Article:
Time to share out the ‘family silver’

Harold Macmillan, in a speech to the British House of Lords in 1986, referred to the privatisation of nationalised industries as ‘selling the family silver’. He was criticising his own Conservative Party, then led by Margaret Thatcher, for disposing of a long list of state-owned industries, including Associated British Ports, British Airways, British Gas, British Telecoms, electricity supply, water supply and a great deal more.

This was the same man who, as British prime minister, in a speech to the South African Parliament on 3 February 1960 made the famous statement: ‘The wind of change is blowing through the continent. Whether we like it or not, this growth of national consciousness is a political fact.’ The thrust of Macmillan’s speech was that colonial domination of Africa was doomed and by implication, apartheid and white domination of South African politics was also doomed.

Notwithstanding the anger of the members of the apartheid government, who believed that Macmillan had abused their hospitality, his prediction about the changes that were to sweep through Africa and remove them from power proved to be correct. However, his opposition to the disposal of the state-owned industries later proved to be based on incorrect premises and ill-advised.

Disposal of the state-owned enterprises to private owners transformed them from tax-consuming, protected and inefficient entities, into tax-paying, competitive, efficient and thriving firms, capable of being taken over if badly managed. Removal of statutory monopolies allowed new entrants into vitally important markets, giving British consumers a choice of service-providers, better service and lower prices.

According to a 1997 study by National Economic Research Associates (NERA), in the first year of Mrs Thatcher’s government (1979) 33 state enterprises, all later to be privatised, absorbed £500m of public funds as well as more than £1 billion in loan finance. By 1987, these same companies were contributing £8 billion a year to the Treasury in share sales, tax receipts and dividends. Under Mrs Thatcher’s leadership, the United Kingdom rose from 19th to 2nd in the OECD rankings.

Harold Macmillan obviously believed that governments should cling to public enterprises in the way he believed that heirs should cling to family silver, whether or not it made economic sense to do so. A similar view appears to have developed in SA, apparently based on the belief that government can induce greater efficiency at lower cost than an open competitive market. There is substantial empirical evidence to show that such a belief is unfounded.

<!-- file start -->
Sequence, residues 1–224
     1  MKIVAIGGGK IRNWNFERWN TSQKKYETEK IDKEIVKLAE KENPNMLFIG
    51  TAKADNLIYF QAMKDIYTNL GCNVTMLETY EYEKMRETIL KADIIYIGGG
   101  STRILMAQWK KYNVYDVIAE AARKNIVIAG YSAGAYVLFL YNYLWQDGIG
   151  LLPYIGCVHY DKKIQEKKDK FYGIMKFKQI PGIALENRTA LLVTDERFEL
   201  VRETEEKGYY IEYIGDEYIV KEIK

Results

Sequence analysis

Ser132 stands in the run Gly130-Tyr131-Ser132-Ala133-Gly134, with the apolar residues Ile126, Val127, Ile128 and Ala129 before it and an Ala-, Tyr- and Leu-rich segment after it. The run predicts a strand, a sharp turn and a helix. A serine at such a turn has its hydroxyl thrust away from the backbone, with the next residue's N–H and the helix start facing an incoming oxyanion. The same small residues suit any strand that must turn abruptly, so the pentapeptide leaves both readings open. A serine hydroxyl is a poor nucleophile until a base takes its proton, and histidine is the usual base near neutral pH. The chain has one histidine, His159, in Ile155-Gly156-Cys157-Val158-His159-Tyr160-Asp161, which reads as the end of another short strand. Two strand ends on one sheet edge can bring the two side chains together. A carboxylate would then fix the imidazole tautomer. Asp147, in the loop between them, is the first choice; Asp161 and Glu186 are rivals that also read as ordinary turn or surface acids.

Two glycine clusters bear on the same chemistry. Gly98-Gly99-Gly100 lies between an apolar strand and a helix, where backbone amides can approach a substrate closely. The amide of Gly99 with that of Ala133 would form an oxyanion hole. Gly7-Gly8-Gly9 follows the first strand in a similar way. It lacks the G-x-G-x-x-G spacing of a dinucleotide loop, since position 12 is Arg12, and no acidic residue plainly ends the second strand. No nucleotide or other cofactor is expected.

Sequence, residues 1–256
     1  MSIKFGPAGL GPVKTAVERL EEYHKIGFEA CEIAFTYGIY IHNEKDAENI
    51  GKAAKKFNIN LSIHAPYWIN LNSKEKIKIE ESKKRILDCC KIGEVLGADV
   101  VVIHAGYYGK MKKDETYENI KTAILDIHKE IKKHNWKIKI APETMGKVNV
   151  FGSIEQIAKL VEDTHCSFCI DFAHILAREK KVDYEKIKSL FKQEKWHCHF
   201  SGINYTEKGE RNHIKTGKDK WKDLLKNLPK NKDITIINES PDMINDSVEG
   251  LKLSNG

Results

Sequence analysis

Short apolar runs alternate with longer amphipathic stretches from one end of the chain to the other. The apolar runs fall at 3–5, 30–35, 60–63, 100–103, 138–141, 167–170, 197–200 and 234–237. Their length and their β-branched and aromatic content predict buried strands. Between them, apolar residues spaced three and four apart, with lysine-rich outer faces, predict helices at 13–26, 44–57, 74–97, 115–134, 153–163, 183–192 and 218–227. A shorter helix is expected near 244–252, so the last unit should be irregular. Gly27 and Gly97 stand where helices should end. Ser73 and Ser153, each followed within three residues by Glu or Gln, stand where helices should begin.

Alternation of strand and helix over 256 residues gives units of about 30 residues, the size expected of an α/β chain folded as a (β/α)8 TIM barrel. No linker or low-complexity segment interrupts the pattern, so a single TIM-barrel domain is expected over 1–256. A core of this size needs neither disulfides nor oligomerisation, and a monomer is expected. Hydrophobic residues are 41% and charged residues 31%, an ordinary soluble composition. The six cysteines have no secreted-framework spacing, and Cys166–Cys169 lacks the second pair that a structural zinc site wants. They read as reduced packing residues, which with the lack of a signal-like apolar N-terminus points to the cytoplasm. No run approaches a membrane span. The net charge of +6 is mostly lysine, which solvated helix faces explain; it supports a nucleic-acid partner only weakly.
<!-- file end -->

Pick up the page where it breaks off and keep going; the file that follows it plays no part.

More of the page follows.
Several good reasons suggest that the SA government should not cling to public enterprises. There is a conflict of interest between the state owning major enterprises and government taking the steps necessary to create a high growth economic environment in the country, conducive to job creation and efficient delivery of goods and services to consumers, especially when regulations prohibit entry by competitors and protect public enterprises from competition.

There is a further conflict between using tax revenues and borrowings to carry out core functions of government and providing cash to capital-hungry enterprises. Managements of public enterprises are constantly looking over their shoulders, wondering when they will next be expected to place political considerations before economic efficiency. Long term enterprise planning is impossible when it becomes confused with political agendas and government spending priorities. The majority of managements and staff of British enterprises found the transfer from the public to the private sector to be a release from bondage.

However, the opportunity for mass BBBEE is as important as the efficiency considerations in deciding the future of SA’s public enterprises. We are told that these enterprises belong to the people, so what better course can government follow than to give ownership of the enterprises to the people.

All the previously disadvantaged people who have had no benefit from BEE policies could become owners of the public enterprises using similar ownership transfer methods to those employed by the Czech republic and Slovakia. With the advice of President Václav Klaus of the Czech Republic, who recently visited SA, the mechanisms could be refined and improved. The benefit to the recipients would, by a conservative estimate, amount to R120bn, or R6,000 each if there are as many as 20 million beneficiaries. In one fell swoop government could meet its delivery commitments to the nation and the enterprises would no longer be political footballs.

Maximum benefit could be obtained, especially for the poorest sector of the population, by the simultaneous removal of all statutory prohibitions and barriers to entry in the sectors in which the enterprises operate. This would increase productivity and what the new owners lose in immediate value they will rapidly gain in lower cost services and new job opportunities. They will have both the family silver and better use from it.

SA’s economy would receive an enormous boost, government would no longer have the burden of enterprise management, and enterprises like SAA would be asking shareholders and bankers for more money rather than going cap in hand to the Treasury asking for taxpayers’ money.

Author: Eustace Davie is a director of the Free Market Foundation. This article may be republished without prior consent but with acknowledgement to the author. The views expressed in the article are the author's and are not necessarily shared by the members of the Free Market Foundation.

FMF Feature Article/ 30 January 2007
Help FMF promote the rule of law, personal liberty, and economic freedom become an individual member / donor HERE ... become a corporate member / donor HERE